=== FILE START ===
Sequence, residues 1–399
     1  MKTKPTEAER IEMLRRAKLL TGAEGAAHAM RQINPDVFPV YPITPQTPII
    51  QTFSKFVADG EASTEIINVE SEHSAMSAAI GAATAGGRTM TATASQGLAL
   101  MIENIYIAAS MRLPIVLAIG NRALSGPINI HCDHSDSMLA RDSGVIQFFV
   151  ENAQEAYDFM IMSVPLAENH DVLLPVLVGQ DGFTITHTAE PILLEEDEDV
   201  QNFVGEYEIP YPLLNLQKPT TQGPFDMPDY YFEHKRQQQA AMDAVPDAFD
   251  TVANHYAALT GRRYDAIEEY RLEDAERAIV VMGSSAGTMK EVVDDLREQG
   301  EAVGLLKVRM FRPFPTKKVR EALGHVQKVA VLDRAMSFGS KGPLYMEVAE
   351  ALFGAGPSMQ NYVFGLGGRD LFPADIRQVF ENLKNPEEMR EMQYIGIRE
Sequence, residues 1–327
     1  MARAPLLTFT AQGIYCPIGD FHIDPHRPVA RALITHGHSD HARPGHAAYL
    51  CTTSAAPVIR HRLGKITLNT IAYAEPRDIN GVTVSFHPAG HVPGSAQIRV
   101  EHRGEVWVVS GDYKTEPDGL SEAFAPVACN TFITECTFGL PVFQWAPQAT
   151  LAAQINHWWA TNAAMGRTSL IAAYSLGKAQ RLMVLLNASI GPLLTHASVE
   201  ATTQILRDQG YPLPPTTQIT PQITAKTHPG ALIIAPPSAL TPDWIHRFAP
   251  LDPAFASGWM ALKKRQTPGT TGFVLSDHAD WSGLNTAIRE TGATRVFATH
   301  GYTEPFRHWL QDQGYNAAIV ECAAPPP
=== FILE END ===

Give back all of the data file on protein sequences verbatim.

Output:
Sequence, residues 1–399
     1  MKTKPTEAER IEMLRRAKLL TGAEGAAHAM RQINPDVFPV YPITPQTPII
    51  QTFSKFVADG EASTEIINVE SEHSAMSAAI GAATAGGRTM TATASQGLAL
   101  MIENIYIAAS MRLPIVLAIG NRALSGPINI HCDHSDSMLA RDSGVIQFFV
   151  ENAQEAYDFM IMSVPLAENH DVLLPVLVGQ DGFTITHTAE PILLEEDEDV
   201  QNFVGEYEIP YPLLNLQKPT TQGPFDMPDY YFEHKRQQQA AMDAVPDAFD
   251  TVANHYAALT GRRYDAIEEY RLEDAERAIV VMGSSAGTMK EVVDDLREQG
   301  EAVGLLKVRM FRPFPTKKVR EALGHVQKVA VLDRAMSFGS KGPLYMEVAE
   351  ALFGAGPSMQ NYVFGLGGRD LFPADIRQVF ENLKNPEEMR EMQYIGIRE
Sequence, residues 1–327
     1  MARAPLLTFT AQGIYCPIGD FHIDPHRPVA RALITHGHSD HARPGHAAYL
    51  CTTSAAPVIR HRLGKITLNT IAYAEPRDIN GVTVSFHPAG HVPGSAQIRV
   101  EHRGEVWVVS GDYKTEPDGL SEAFAPVACN TFITECTFGL PVFQWAPQAT
   151  LAAQINHWWA TNAAMGRTSL IAAYSLGKAQ RLMVLLNASI GPLLTHASVE
   201  ATTQILRDQG YPLPPTTQIT PQITAKTHPG ALIIAPPSAL TPDWIHRFAP
   251  LDPAFASGWM ALKKRQTPGT TGFVLSDHAD WSGLNTAIRE TGATRVFATH
   301  GYTEPFRHWL QDQGYNAAIV ECAAPPP